The seminar has two related goals: substantive and pedagogical. The substantive purpose is to tackle the question of capital head on. The course explores a spectrum of liberal and Marxist theories, ideologies and dogmas – as well as a radical alternative to these views. The argument is developed theoretically, historically and empirically. The first part of the seminar provides a critical overview of political economy, examining its historical emergence, triumph and eventual demise. The second part deals with the two ‘materialistic’ schools of capital – the liberal theory of utility and the Marxist theory of labour time – dissecting their structure, strengths and limitations. The third part brings power back in: it analyses the relation between accumulation and sabotage, studies the institutions of the corporation and the state and introduces a new framework – the capitalist mode of power. The final part offers an alternative approach – the theory of capital as power – and illustrates how this approach can shed light on conflict-ridden processes such as corporate merger, stagflation, imperialism and the new wars of the twenty-first century.
Pedagogically, the seminar seeks to prepare students toward conducting their own independent research. Students are introduced to various electronic data sources, instructed in different methods of analysis and tutored in developing their empirical research skills. As the seminar progresses, these skills are used both to assess various theories and to develop the students’ own theoretical/empirical research projects.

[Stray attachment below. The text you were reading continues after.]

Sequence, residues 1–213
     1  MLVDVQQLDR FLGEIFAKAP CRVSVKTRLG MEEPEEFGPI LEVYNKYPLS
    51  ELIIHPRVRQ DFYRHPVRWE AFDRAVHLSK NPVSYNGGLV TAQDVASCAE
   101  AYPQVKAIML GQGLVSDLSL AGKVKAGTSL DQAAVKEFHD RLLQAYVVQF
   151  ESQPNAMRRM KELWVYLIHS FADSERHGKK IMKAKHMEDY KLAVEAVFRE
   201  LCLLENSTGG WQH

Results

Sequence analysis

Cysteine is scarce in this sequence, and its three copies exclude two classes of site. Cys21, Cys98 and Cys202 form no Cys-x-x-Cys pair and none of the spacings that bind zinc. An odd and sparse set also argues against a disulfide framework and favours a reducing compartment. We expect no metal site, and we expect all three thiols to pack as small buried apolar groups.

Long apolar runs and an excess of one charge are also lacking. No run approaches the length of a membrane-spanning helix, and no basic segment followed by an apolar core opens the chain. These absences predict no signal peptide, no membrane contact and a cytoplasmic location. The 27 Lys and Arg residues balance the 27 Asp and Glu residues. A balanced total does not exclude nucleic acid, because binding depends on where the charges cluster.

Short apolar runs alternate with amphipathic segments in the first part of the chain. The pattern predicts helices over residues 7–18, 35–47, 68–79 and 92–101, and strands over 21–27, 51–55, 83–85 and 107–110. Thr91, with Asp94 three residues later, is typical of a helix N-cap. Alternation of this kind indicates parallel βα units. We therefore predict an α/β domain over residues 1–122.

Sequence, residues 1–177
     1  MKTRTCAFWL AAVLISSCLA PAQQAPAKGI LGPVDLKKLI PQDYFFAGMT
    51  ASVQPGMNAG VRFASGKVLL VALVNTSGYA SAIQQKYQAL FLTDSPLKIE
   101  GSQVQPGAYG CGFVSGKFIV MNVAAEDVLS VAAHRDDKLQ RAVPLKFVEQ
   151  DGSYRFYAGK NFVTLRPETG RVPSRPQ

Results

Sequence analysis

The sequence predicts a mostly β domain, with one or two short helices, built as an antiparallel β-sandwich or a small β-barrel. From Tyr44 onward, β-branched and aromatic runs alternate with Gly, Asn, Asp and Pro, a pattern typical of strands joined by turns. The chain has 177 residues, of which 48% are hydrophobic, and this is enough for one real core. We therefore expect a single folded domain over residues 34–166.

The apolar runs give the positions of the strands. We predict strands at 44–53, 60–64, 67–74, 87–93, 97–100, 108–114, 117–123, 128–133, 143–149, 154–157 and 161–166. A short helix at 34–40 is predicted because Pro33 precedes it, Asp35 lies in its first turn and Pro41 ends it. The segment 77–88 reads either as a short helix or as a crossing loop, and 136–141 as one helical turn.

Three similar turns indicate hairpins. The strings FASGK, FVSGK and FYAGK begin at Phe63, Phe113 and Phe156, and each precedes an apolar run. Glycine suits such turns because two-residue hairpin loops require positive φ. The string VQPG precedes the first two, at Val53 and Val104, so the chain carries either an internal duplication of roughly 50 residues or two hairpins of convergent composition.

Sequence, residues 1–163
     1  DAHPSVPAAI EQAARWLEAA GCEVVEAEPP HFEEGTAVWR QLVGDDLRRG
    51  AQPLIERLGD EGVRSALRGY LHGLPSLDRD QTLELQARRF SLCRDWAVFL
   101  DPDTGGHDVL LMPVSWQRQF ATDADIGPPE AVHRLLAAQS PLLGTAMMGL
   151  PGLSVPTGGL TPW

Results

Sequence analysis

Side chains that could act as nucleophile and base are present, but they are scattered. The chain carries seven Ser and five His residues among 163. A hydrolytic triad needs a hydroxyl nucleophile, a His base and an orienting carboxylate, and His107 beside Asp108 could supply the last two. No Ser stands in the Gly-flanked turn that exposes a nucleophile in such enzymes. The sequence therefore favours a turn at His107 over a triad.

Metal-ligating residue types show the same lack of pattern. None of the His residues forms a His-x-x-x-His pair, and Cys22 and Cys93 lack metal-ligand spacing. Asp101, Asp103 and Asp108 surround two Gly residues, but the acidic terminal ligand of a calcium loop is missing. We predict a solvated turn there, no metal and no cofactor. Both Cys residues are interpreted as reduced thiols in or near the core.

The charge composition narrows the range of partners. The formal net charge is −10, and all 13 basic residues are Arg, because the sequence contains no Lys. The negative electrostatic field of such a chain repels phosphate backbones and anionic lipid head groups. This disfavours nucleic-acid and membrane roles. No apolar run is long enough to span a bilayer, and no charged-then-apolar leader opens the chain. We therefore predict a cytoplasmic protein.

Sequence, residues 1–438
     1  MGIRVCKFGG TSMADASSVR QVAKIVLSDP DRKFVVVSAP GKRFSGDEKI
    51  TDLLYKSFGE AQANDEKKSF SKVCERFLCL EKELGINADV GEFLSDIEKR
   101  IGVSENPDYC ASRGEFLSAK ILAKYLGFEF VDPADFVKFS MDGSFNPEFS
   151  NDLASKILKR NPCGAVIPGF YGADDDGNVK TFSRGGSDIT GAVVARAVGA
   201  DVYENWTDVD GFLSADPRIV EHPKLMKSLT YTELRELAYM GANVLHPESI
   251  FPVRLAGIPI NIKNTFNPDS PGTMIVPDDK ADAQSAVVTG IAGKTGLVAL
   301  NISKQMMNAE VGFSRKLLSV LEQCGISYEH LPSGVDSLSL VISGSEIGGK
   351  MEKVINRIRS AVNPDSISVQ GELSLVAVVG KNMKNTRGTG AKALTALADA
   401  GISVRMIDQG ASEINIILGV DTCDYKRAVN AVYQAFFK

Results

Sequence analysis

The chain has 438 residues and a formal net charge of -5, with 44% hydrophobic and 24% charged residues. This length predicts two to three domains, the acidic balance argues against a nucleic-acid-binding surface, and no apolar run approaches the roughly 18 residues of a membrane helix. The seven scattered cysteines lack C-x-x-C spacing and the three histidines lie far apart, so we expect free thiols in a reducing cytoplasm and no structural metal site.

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GS POLS 6292 3.0 – Illicit Economies and Global Politics

This course examines diverse dimensions of transnational crime and corruption in the global political economy. Theoretical reflection and case-study research are applied to explore the illicit global economy and its relationship to ‘legitimate’ and licit practices. Topics include transnational bribery; money laundering; illicit trade in weapons, drugs, and other goods; human trafficking and human smuggling; and the link to terrorism.